Smartphones or Smores? Summer Camps Stand Firm Against Tech
When I think of summer camp, I think of toasting marshmallows by a campfire, stepping in the mud on the bottom of a lake, and itchy mosquito bites. But for a lot of kids these days, summer camp has a new meaning. Brought up on a daily diet of texting, Snapchat and Facebook, they are steeling themselves for the anxiety of going up to eight weeks without access to technology!
In response to what many believe is a severe digital overload for our children, both modern and traditional camps are being encouraged to remain tech-free. Smartphones are universally banned; personal computers and gaming systems are also excluded; and even iPods and other music players are severely restricted.
Camp supervisors – and many supportive parents – argue that kids shouldn’t need these gadgets if camps are successful at keeping kids busy from sunrise to lights out. “The dilemma for camps is that if they do allow technology, the kids will likely plug in and tune out,” said Gary Rudman, founder and president of GTF Consulting, a firm that helps companies advertise to kids and teens.
Most summer camps have had some restrictions on cell phone use in place for years, either banning them completely or only allowing calls at certain times of the day. But those restrictions are being extended to other forms of technology as well. Although almost all camps now have some form of Internet access, use of computers is usually granted only to staff.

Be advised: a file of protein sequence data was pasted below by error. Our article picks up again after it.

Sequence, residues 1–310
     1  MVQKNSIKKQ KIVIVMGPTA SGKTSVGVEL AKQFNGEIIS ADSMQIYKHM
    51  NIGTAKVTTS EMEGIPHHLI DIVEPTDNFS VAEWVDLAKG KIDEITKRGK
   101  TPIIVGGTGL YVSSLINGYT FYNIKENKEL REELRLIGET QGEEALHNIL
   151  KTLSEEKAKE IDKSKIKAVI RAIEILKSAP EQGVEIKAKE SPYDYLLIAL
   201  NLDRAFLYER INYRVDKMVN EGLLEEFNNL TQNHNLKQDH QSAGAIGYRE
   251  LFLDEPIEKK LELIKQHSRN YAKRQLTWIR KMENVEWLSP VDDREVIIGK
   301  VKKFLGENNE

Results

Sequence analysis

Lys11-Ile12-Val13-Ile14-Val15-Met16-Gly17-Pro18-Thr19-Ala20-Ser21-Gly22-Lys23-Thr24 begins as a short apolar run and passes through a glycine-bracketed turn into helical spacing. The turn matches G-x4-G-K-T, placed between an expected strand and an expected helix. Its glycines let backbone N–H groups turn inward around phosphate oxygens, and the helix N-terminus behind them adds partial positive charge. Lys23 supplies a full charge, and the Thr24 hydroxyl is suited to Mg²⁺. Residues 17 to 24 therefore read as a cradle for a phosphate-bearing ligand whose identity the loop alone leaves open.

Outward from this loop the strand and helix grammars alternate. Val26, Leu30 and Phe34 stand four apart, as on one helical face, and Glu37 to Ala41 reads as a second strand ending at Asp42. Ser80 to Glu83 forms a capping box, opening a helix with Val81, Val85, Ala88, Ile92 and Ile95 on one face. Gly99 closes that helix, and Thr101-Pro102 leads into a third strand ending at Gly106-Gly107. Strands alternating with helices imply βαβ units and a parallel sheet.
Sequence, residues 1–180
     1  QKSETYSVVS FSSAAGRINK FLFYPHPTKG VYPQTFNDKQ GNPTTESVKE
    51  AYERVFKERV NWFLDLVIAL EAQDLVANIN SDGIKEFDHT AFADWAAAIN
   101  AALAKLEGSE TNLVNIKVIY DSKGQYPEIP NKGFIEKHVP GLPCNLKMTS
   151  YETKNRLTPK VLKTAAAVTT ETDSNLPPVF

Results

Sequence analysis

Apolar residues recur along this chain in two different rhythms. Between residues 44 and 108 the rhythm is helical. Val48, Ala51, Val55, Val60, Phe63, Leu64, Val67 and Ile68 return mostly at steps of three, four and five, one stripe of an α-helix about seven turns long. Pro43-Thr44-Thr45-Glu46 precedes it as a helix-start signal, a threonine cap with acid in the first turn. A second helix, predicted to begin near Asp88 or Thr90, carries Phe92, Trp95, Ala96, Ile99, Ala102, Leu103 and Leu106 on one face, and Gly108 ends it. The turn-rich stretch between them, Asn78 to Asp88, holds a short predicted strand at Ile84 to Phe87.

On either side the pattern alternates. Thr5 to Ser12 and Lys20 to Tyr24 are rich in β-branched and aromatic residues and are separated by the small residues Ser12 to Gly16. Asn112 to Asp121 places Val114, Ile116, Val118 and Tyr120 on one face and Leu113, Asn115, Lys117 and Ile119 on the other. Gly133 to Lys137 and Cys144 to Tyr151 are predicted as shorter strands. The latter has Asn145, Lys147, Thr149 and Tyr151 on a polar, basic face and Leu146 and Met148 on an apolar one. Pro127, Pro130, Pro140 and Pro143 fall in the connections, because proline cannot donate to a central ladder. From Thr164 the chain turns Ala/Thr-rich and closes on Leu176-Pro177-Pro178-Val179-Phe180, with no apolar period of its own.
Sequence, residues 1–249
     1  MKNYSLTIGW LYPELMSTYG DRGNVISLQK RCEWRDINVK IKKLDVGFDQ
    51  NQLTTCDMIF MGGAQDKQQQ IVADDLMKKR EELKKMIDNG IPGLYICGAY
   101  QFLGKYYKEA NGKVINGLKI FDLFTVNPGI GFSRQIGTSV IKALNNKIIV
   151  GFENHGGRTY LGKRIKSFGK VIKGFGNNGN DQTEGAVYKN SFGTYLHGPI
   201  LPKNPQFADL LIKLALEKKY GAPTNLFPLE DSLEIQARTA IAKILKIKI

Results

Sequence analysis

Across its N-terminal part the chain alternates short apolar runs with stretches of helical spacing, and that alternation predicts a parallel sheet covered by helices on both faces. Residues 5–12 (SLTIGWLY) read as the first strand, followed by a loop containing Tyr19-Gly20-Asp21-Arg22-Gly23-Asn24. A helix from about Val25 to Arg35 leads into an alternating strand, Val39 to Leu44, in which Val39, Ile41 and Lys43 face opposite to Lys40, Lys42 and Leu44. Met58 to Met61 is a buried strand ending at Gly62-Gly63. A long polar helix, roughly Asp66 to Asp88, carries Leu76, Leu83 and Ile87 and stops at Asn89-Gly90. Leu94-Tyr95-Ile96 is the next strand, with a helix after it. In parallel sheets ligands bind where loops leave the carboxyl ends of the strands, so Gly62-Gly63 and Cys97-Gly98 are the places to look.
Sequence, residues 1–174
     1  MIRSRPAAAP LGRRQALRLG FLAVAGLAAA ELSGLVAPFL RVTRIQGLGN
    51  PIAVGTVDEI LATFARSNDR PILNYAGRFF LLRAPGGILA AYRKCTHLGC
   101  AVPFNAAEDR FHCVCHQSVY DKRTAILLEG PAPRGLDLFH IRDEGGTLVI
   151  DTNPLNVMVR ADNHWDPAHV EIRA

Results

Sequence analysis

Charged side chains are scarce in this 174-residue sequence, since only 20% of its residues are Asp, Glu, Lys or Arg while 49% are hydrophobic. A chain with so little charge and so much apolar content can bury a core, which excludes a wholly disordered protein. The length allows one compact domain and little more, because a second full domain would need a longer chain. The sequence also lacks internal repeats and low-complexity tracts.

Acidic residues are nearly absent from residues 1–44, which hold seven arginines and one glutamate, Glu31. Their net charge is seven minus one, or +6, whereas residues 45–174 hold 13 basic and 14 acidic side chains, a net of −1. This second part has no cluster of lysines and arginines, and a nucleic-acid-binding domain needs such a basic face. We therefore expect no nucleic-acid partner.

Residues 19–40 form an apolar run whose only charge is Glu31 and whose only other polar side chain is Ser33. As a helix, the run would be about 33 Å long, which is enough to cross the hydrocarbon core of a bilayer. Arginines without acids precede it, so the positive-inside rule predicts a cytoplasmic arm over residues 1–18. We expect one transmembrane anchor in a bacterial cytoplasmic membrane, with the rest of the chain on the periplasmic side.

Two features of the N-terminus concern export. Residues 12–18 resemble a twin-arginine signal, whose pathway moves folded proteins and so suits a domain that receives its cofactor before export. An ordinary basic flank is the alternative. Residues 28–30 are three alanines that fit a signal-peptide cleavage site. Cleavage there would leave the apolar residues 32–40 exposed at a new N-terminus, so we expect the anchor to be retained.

Other camps take a slightly different approach, prohibiting the personal use of gadgets but incorporating them into structured programs. At Camp Marist near Ossipee Lake, New Hampshire, traditional camp activities like swimming and archery are accompanied by a few hi-tech options like digital photography classes.
If you know your child just won’t be able to cope without technology, there are other options. Plenty of camps offer specialized technology programs. iD Tech Camps, for example, has programs for film and computer programming, as well as game creation and design. And Microsoft, through its two-day DigiGirlz High Tech Camps, provides hands-on tech experience for girls, in the hope of dispelling some of the gender stereotypes of the high-tech industry.
Many experts agree that giving your child some time to unplug is a good thing. They will get more physical activity and interact with friends in the real world as opposed to the virtual one. But separating a child from his or her smartphone can cause some anxiety, and brings up some valid safety issues for concerned parents.
How do most kids cope without constant access to their tech gadgets? Quite well, according to most camp counselors. Besides, they often learn another new skill during their few weeks away from home: the lost art of letter-writing!
Should summer camps continue to ban smartphones and other technology? Let us know what you think!